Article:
Â Is it a problem if creationists have their own academic journal, giving them a forum for publishing their theories in a “peer-reviewed,” theologically literalist setting for a Bible-believing readership?
Well, it is if they are permitted to lie about their identities in order to hide their association with said journal, and said “peers,” at least until they get a little more academic seniority in their fields. And it is if they publish under their own names but use the fact of publication in a journal with rigorous biblical standards but not-so-rigorous scientific standards to pad their resumes or make them seem more authoritative if running for a school board office or quoted for a local newspaper article.
As an extra incentive to participate, those with “a reason for not wanting their biographical details publicized on the AiG website” (such as seeking tenure at an institution with more rigorous notions about scholarship) may use a “pen name” (Page 2). In a recent ARJ microbe forum, two “independent scholars” (purportedly, Ph.D.s at “prominent research facilities in the eastern part of North America”) submitted abstracts under the pseudonyms “Luke Kim” and “Ira Loucks” because they “prefer to keep their creationist credentials hidden for the moment until they achieve more seniority
Come on, boys, be out and be proud. Fly your freak flag for all to see.Â Otherwise, the smart people will smell the rat and call you on it.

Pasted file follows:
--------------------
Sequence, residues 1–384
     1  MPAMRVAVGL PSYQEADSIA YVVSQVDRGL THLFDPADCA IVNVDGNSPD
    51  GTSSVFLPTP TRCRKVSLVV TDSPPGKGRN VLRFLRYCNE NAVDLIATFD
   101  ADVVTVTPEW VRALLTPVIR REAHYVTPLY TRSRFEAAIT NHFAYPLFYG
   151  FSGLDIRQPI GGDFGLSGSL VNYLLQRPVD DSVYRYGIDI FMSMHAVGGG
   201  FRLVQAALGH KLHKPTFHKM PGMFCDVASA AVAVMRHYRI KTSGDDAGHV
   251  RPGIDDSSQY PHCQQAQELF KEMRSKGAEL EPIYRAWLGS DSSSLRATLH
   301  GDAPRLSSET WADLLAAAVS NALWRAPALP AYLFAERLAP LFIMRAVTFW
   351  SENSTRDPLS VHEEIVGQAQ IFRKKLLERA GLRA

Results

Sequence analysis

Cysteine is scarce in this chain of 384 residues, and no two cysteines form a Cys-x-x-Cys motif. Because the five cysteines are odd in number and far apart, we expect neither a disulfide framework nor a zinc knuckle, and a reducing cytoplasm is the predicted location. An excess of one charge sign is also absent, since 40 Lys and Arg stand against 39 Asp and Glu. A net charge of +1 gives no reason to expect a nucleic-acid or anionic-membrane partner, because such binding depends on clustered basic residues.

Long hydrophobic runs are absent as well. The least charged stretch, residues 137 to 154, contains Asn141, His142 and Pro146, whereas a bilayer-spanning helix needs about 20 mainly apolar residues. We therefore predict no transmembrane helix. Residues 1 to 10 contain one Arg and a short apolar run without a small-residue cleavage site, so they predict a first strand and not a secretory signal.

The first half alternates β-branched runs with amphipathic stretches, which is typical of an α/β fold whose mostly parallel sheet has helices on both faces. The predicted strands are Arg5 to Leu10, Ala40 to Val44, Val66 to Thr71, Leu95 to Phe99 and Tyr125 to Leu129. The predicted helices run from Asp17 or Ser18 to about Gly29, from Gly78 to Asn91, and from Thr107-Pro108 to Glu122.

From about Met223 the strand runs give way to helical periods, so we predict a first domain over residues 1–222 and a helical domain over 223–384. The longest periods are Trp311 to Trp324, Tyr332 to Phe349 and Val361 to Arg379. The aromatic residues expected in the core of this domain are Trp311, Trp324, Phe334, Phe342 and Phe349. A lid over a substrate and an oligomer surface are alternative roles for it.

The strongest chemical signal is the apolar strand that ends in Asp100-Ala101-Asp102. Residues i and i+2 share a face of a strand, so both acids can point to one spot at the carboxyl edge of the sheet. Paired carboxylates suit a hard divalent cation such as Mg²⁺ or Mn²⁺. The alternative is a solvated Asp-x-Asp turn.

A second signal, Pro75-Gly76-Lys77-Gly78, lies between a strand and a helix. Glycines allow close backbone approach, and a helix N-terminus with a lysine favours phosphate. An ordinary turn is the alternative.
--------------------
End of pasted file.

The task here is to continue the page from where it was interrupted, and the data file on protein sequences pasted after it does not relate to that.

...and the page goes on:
Oh wait, they already did in the comments section:
The creation of this journal fits into a larger context of cynical moves made by the creationist community to acquire the trappings of real science so as to be taken more seriously by an uninformed public. First they tried the direct approach: simply attempting to insert young-earth creationism into public school science curriculae. These attempts were repeatedly struck down by the courts, and they began to realize that in order to get into the science classroom, they would need to cloak their dogma in the language of “real science,” which meant finding some like-minded people with Ph.D.’s (in any subject area), forming a research institute, and creating a peer-reviewed journal. In effect, this journal exists to provide bogus credentials to information that has failed consistently to be accepted by anyone in the mainstream scientific community so that it may ultimately be slipped into public science education.
A well-reasoned and logical summary of Things Thus Far is a pleasure to read.
I agree that this “journal” could be another chessboard move to bolster the standing of “Creation and Flood” theories in the public mind, in a very indirect way (since the general public will never read it). It’s not just cynical, it’s insidious.
Via The Lead